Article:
Is the inside of your home feeling a little drab? Are your kitchen appliances looking used and
worn out? If so, it might be time to give your kitchen a makeover.
Photo by Flickr user thekitchendesigner.org
But giving your kitchen a fresh new look doesn't have to cost you thousands of dollars. Sometimes all it takes is some simple maintenance, routine cleaning and a little TLC to make your old appliances look brand new.
Follow these seven tips to give your appliances a new look without spending more than $215:
1. Give your appliances a facelift with a new coat of paint. Find a touch-up paint that is recommended by your manufacturer and use it to cover up any scratches and dings that your appliances have accumulated over the years. A word of caution: Pay attention to the colors! You'd be surprised at the difference between the shades "Bisque" and "Almond." If you're feeling really daring, find enamel or barbecue paint in bold colors like silver or forest green and paint the whole appliance.
2. Replace the hardware. A fresh set of handles and knobs can significantly improve the look of older appliances, especially if you get a matching set. The best part: This requires little time to complete and uses common household tools (typically just a screwdriver and pair of needle-nose pliers).
3. Examine the racks of your dishwasher, checking for areas where the vinyl coating has worn away to expose the metal wire underneath. This can rust in the wet environment and cause potentially harmful wear and tear to your dishes. Use a vinyl repair kit (which can be found online) to repair the racks as soon as they begin to rust. Dishwasher racks are typically very expensive and can even rival the cost of a new appliance, so keeping them in good shape can help you save money in the long run.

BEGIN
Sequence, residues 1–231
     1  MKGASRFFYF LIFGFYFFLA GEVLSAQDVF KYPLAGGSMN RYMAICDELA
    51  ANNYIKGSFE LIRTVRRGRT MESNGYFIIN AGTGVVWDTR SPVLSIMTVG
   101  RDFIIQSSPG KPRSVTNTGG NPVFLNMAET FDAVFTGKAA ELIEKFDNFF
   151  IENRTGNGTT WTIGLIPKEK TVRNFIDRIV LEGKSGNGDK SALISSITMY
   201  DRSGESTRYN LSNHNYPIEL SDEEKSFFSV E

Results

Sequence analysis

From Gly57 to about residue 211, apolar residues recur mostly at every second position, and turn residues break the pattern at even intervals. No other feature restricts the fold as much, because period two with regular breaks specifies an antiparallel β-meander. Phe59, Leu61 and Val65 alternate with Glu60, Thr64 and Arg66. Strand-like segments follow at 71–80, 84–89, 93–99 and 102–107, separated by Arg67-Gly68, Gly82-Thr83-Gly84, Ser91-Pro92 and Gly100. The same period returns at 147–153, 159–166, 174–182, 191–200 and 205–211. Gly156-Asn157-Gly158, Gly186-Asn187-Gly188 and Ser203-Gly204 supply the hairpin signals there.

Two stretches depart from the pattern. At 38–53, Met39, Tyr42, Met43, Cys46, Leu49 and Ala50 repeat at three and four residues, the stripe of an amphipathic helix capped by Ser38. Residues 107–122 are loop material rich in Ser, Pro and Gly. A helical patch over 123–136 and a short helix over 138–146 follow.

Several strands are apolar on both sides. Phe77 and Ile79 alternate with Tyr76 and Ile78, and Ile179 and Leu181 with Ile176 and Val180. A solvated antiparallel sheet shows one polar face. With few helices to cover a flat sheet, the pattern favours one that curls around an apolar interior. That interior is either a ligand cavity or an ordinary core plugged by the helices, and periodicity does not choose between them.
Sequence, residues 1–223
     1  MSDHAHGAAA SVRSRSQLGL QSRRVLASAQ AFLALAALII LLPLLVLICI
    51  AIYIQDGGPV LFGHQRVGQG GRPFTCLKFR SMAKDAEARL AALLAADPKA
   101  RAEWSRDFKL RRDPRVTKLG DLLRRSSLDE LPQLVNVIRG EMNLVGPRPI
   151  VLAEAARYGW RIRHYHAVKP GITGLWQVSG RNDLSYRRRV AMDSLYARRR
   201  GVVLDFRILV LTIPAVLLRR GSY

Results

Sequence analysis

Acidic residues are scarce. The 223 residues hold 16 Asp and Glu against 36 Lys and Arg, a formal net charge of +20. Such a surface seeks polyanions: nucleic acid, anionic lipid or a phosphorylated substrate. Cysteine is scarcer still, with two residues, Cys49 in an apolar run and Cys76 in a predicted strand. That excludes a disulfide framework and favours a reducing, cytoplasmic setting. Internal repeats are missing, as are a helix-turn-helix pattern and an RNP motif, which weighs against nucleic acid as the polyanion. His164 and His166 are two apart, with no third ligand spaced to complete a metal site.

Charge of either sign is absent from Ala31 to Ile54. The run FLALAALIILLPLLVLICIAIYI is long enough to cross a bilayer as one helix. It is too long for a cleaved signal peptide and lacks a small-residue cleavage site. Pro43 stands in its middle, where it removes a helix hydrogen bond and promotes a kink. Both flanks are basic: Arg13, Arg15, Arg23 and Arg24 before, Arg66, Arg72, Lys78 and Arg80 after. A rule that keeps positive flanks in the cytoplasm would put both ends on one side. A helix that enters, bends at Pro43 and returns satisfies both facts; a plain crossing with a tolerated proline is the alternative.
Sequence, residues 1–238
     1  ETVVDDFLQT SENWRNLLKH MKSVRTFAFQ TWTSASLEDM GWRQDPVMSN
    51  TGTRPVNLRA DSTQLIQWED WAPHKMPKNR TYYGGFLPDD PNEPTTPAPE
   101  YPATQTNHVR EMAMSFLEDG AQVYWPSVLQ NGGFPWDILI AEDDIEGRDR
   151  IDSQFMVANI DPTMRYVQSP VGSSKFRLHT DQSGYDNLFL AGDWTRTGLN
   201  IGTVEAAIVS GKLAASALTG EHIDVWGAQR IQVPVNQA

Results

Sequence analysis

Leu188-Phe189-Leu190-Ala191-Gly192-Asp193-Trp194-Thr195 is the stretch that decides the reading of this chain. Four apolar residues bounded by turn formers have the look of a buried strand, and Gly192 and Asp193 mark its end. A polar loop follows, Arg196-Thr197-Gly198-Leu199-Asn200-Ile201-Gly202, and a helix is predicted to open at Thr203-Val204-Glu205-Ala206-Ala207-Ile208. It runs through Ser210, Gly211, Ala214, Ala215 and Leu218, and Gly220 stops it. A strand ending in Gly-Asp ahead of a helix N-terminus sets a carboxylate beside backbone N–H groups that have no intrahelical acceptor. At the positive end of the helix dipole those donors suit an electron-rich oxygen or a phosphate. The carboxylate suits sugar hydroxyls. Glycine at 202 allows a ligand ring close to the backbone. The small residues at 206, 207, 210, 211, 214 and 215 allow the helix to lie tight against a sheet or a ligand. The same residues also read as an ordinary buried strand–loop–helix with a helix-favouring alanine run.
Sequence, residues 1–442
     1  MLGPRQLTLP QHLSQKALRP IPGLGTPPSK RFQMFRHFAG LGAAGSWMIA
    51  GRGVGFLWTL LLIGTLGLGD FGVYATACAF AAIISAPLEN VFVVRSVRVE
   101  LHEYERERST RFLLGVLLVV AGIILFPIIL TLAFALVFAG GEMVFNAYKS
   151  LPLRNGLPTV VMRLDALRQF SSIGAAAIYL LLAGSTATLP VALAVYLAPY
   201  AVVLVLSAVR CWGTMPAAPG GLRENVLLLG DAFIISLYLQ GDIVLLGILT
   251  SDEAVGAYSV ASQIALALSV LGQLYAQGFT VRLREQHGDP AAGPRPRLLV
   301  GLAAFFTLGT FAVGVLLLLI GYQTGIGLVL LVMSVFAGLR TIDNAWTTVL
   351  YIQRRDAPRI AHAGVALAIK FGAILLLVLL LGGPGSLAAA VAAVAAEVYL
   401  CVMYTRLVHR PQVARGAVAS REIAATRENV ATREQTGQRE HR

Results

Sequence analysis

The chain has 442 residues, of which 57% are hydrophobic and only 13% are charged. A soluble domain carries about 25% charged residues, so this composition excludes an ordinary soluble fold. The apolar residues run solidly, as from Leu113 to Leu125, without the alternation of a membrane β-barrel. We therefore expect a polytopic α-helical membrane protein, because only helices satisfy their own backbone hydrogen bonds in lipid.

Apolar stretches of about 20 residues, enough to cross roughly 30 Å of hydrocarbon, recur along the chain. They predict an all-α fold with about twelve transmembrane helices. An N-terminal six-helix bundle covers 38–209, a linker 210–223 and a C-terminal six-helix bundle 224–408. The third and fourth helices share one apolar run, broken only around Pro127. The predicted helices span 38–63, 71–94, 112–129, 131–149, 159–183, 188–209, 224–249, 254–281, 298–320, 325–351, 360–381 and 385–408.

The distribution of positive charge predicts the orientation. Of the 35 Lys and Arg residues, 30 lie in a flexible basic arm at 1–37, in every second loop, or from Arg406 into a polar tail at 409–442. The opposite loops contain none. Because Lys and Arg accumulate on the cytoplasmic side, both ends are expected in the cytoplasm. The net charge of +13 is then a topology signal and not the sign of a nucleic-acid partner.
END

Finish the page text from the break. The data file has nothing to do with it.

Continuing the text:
4. A clean oven doesn't just look better -- it also cooks food more efficiently. I recommend cleaning your oven every six months if you use it frequently and once per year for less frequent use. If possible, immediately after a spill, use a commercially available oven cleaner to scour the entire interior of your oven. Remove the oven racks to clean them separately, thoroughly scrubbing each one. Never use the self-clean function with the racks inside the oven because most racks are not designed to withstand those temperatures. Only use the self-clean feature for serious cleaning. Stick with commercial cleaners for spot cleaning to use less electricity.
5. Similarly, wipe up stovetop spills or drips immediately after they occur. You can use the same commercially available cleaner to remove any unsightly rust or corrosion on the stovetop. If left unattended, these blemishes can lead to dirt and grime getting into spaces that are almost impossible to get clean. If your drip bowls contain residue that you just can't scrub off, consider replacing them for an even newer look. Replacement drip bowls range in cost from $3 to $15.
6. When was the last time you replaced the water filter on your refrigerator? If you can't remember, you've waited too long. At the minimum, change the filter of your water dispenser/ice maker every six months because everything your filter removes just stays put. Bacteria, germs and other things can continue to grow. If the conditions are right or the growth is left unchecked, the colony can overwhelm the filter and the organisms can pass into your water. Your owner's manual should contain instructions for changing the filter of your model.
7. Give your refrigerator, including all the drawers, shelves and glides, a good scrub-down. Bleach is safe to use as long as all of the food is removed prior to cleaning. If you're concerned about using bleach near food, white vinegar is a great alternative that's food-safe.
It's amazing what a little TLC can do for your home appliances. Cleaning them thoroughly a few times a year will make a huge difference in their physical appearance and ability to do their jobs properly.